On a Sincere Note
A Night of Elation, Confusion, and Regret
It's a story I look forward to telling for the rest of my life: On the night Barack Obama was elected president of the United States, I was among the blissfully happy throng at the Showbox at the Market, the Seattle nightclub hosting The Stranger's election night party, which eventually spilled out onto First Avenue, where roaming hordes of citizens merged into a block-long mass of howling joy. It was intoxicating, as was the booze I'd been drinking throughout the night, as Obama claimed Florida and Virginia and Ohio, and I watched in awe as the next First Family strode onstage at Chicago's Grant Park.
The sight of the Obama family taking the stage filled me with emotions I'd never experienced before, all of them intense and more pleasurable than not, and hovering around the intersection of joyous hope/hopeful joy and an unnerving flash flood of patriotism. These emotions required more liquor, and by the time I made my way out of the Showbox into the street-throng, I was not drunk but I was not sober.
One of the great things about working in "the media" is the opportunity to meet tons of interesting people—artists and writers and musicians and dancers and actors and weird street dudes with the ability to pop out their eyeballs. One of the downsides, for me at least, is the ability to retain but a fraction of these fascinating people's names, and on election night, I walked into the classic nightmare scenario of a friendly, extremely familiar-looking person shaking my hand and calling me by name. I smiled back and made small talk—"OH MY GOD! Can you fucking believe it?"—while my brain pieced together clues from his conversation, which informed me he was a comedian and had recently performed at the new comedy night at Capitol Club, which I remembered was either hosted or curated or both by Solomon Georgio, the Seattle comedian who'd won first place in the Stranger Gong Show, which I'd hosted, which had to be where I knew him from. By the time my guy Jake strolled up to us, I was confident enough to attempt an introduction by name: "Solomon, this is Jake. Jake, this is Solomon Georgio, who won the Stranger Gong Show...."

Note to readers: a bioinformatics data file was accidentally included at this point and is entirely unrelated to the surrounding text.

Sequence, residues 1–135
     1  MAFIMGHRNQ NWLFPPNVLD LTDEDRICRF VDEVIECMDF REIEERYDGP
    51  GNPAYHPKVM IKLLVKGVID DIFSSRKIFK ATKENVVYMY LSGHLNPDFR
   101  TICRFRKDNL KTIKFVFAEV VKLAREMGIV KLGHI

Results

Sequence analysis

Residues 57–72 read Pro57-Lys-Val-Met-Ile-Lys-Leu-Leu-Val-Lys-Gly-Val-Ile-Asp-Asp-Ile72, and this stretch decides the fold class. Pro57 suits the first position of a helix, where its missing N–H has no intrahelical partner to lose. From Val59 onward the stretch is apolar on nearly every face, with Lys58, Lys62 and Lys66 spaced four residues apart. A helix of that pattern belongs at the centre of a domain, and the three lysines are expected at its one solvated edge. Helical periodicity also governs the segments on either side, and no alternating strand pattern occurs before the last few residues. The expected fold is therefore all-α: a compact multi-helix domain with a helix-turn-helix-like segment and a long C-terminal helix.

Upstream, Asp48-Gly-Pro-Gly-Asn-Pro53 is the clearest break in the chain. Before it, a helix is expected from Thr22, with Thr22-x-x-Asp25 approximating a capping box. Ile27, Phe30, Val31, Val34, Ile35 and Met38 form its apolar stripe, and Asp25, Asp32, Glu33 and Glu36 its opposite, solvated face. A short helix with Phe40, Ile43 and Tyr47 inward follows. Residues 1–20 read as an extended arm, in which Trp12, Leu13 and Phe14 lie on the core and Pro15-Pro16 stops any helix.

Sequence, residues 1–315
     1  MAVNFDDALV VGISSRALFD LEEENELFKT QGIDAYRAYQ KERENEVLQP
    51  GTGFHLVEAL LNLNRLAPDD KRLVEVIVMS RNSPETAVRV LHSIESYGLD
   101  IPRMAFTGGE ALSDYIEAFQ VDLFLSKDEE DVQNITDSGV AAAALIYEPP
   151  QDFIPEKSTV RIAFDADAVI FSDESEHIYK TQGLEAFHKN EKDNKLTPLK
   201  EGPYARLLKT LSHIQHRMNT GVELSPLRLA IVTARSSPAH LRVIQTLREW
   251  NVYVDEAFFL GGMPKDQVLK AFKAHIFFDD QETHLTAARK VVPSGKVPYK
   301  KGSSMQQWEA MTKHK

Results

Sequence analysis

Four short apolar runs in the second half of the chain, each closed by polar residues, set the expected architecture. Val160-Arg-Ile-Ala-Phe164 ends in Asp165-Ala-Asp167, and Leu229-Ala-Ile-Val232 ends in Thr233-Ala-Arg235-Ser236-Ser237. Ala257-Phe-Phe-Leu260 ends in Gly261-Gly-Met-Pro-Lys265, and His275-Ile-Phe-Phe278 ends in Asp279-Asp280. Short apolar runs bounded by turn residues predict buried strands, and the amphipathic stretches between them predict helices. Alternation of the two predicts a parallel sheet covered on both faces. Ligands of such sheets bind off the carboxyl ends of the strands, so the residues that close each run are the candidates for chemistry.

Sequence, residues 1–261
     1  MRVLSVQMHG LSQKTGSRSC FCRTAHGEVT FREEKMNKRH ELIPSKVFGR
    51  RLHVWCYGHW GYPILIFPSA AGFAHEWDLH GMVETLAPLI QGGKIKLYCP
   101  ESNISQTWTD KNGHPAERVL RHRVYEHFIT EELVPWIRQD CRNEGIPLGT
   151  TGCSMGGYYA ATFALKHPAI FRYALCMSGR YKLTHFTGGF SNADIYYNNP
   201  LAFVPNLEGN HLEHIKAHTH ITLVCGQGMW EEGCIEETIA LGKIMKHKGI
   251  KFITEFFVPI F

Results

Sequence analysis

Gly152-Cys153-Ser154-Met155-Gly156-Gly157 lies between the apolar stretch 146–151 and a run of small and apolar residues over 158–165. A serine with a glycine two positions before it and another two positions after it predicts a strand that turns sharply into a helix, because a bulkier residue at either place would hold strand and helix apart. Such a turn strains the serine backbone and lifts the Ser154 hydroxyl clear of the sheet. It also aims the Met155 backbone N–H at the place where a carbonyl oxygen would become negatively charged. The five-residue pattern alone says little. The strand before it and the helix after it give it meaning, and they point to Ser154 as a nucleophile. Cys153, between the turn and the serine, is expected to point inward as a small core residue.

Solomon Georgio's face dropped. "Dave," he said, in a voice whose woundedness I pray I'm inflating in retrospect. "It's Hari."
Hari Kondabolu is a Seattle comedian who now belongs to the world and who'd recently performed at a Sunday Capitol Club show hosted by Solomon Georgio, another Seattle comedian. Neither Hari Kondabolu nor Solomon Georgio is white and both are Seattle comedians, but despite these amazing commonalities, they are not the same person.
I don't remember exactly what I said. There was no pretending that what just happened didn't just happen, but there was nothing worth saying. I apologized and prayed for God to kill me.